The role of epoxidation and electrophile-responsive element-regulated gene transcription in the potentially beneficial and harmful effects of the coffee components cafestol and kahweol

S.T.J. van Cruchten, L.H.J. de Haan, P.P.J. Mulder, C. Kunne, M.V. Boekschoten, M.B. Katan, J.M.M.J.G. Aarts, R.F. Witkamp

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Abstract

Cafestol and kahweol are diterpene compounds present in unfiltered coffees. Cafestol is known as the most potent cholesterol-raising agent that may be present in the human diet. Remarkably, the mechanisms behind this effect have only been partly resolved so far. Even less is known about the metabolic fate of cafestol and kahweol. From the structure of cafestol, carrying a furan moiety, we hypothesized that epoxidation may not only be an important biotransformation route but that this also plays a role in its effects found. In bile duct-cannulated mice, dosed with cafestol, we were able to demonstrate the presence of epoxy-glutathione (GSH) conjugates, GSH conjugates and glucuronide conjugates. In addition, it was shown that cafestol was able to induce an electrophile-responsive element (EpRE). Using a murine hepatoma cell line with a luciferase reporter gene under control of an EpRE from the human NQO1 regulatory region, we also found that metabolic activation by CYP450 enzymes is needed for EpRE induction. Furthermore, raising intracellular GSH resulted in a decrease in EpRE-mediated gene induction, whereas lowering intracellular GSH levels increased EpRE-mediated gene induction. In conclusion, evidence suggests that cafestol induces EpRE, apparently via a bioactivation process that possibly involves epoxidation of the furan ring. The epoxides themselves appear subject to conjugation with GSH. The effects on EpRE can also explain the induction of GSH which seems to be involved in the reported beneficial effects of cafestol, for example, when administered with aflatoxin B1 or other toxic or carcinogenic compounds
Original languageEnglish
Pages (from-to)757-763
JournalJournal of Nutritional Biochemistry
Volume21
Issue number8
DOIs
Publication statusPublished - 2010

Fingerprint

Coffee
Epoxidation
Transcription
Genes
Aflatoxin B1
kahweol
cafestol
Diterpenes
Nucleic Acid Regulatory Sequences
Poisons
Epoxy Compounds
Glucuronides
Nutrition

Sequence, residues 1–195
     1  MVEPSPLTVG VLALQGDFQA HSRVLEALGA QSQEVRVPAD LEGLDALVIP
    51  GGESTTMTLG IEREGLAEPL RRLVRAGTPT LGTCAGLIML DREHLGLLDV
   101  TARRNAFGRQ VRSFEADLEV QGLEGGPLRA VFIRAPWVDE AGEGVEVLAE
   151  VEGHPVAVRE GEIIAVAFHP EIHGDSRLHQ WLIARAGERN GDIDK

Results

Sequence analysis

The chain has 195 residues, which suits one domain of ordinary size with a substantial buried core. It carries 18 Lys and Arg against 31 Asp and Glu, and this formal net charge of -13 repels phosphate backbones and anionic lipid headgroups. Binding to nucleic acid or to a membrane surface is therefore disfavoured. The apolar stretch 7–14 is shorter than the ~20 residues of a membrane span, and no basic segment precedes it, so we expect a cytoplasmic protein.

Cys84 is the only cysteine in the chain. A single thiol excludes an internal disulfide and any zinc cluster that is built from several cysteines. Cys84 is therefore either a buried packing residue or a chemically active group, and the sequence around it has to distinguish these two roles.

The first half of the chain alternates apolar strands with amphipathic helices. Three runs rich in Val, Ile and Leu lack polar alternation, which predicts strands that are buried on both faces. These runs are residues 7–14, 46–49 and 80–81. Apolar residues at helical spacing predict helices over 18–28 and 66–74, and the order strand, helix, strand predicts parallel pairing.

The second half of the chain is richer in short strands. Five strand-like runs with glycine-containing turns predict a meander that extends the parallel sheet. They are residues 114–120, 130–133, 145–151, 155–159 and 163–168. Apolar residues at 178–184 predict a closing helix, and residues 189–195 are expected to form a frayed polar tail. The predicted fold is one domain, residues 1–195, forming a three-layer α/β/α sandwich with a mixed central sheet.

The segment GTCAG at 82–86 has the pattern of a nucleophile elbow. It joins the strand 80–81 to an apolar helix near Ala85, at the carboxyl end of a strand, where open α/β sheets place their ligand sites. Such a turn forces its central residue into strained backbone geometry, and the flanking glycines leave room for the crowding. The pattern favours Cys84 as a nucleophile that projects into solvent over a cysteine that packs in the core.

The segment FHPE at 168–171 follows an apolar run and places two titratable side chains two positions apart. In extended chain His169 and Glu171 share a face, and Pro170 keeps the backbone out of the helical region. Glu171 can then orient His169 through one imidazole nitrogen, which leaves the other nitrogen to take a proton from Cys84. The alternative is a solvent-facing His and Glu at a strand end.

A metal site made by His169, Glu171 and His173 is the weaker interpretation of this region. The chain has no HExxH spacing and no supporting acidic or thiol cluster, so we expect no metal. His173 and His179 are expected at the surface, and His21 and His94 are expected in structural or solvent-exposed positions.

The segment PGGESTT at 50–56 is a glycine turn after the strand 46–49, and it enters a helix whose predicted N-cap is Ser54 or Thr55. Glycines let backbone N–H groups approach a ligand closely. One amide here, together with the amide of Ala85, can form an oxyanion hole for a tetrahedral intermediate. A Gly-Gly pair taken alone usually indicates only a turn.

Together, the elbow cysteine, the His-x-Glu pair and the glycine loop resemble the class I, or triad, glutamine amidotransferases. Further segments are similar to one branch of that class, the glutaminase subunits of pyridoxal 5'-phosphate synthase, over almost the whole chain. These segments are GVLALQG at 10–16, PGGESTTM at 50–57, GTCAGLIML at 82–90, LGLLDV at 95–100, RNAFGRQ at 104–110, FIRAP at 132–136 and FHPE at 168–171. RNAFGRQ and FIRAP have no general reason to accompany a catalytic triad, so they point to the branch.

Biotransformation
Bile Ducts
Luciferases
Reporter Genes
Ducts
Glutathione
Hepatocellular Carcinoma

Keywords

  • cholesterol-raising factor
  • nf-kappa-b
  • rat-liver
  • glutathione transferase
  • normolipidemic subjects
  • diterpenes cafestol
  • boiled coffee
  • serum-lipids
  • cancer-risk
  • metabolism

Cite this

@article{89ad567bdfcf43d38ef3d84c45a72cf2,
title = "The role of epoxidation and electrophile-responsive element-regulated gene transcription in the potentially beneficial and harmful effects of the coffee components cafestol and kahweol",
abstract = "Cafestol and kahweol are diterpene compounds present in unfiltered coffees. Cafestol is known as the most potent cholesterol-raising agent that may be present in the human diet. Remarkably, the mechanisms behind this effect have only been partly resolved so far. Even less is known about the metabolic fate of cafestol and kahweol. From the structure of cafestol, carrying a furan moiety, we hypothesized that epoxidation may not only be an important biotransformation route but that this also plays a role in its effects found. In bile duct-cannulated mice, dosed with cafestol, we were able to demonstrate the presence of epoxy-glutathione (GSH) conjugates, GSH conjugates and glucuronide conjugates. In addition, it was shown that cafestol was able to induce an electrophile-responsive element (EpRE). Using a murine hepatoma cell line with a luciferase reporter gene under control of an EpRE from the human NQO1 regulatory region, we also found that metabolic activation by CYP450 enzymes is needed for EpRE induction. Furthermore, raising intracellular GSH resulted in a decrease in EpRE-mediated gene induction, whereas lowering intracellular GSH levels increased EpRE-mediated gene induction. In conclusion, evidence suggests that cafestol induces EpRE, apparently via a bioactivation process that possibly involves epoxidation of the furan ring. The epoxides themselves appear subject to conjugation with GSH. The effects on EpRE can also explain the induction of GSH which seems to be involved in the reported beneficial effects of cafestol, for example, when administered with aflatoxin B1 or other toxic or carcinogenic compounds",